It is still one of the most popular films ever made, and its romanticized view of the Old South became firmly established in the popular imagination.Gone with the Wind was based on Margaret Mitchell’s Pulitzer Prize-winning novel and the film’s completion was miraculous in itself. It took 140 days, 5 directors, and 13 writers—including F. Scott Fitzgerald—to bring it to the big screen. Producer David O. Selznick initially balked at the $50,000 movie rights to the book and fretted that Civil War movies always bombed at the box office. Almost every role in the film involved lengthy searches and costly negotiations for just the right performers.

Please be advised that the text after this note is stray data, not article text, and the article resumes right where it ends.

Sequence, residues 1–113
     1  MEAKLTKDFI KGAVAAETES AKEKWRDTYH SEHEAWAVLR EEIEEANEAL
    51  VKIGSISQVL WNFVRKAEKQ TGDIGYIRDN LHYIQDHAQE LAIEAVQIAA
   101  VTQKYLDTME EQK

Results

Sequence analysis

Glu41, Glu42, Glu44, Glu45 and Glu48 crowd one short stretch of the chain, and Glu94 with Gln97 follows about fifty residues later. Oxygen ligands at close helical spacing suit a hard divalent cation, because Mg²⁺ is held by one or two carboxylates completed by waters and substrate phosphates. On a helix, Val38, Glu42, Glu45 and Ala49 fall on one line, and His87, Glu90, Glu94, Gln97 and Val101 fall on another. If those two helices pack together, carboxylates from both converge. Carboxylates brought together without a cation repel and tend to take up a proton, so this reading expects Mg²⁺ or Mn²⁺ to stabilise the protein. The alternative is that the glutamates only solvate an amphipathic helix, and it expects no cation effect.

The film debuted at Loew’s Grand Theater at the corner of Peachtree and Forsyth Streets with 18,000 Atlantans gathered outside. Most of the film’s major white actors attended except Leslie Howard—but none of the black actors were invited. Selznick needn’t have worried--fans and critics loved it and the film won eight Academy Awards.
The film seen by more people than any other in history premiered in Atlanta on December 15, 1939, Today in Georgia History.
Today in Georgia History is a joint collaboration of the Georgia Historical Society & Georgia Public Broadcasting.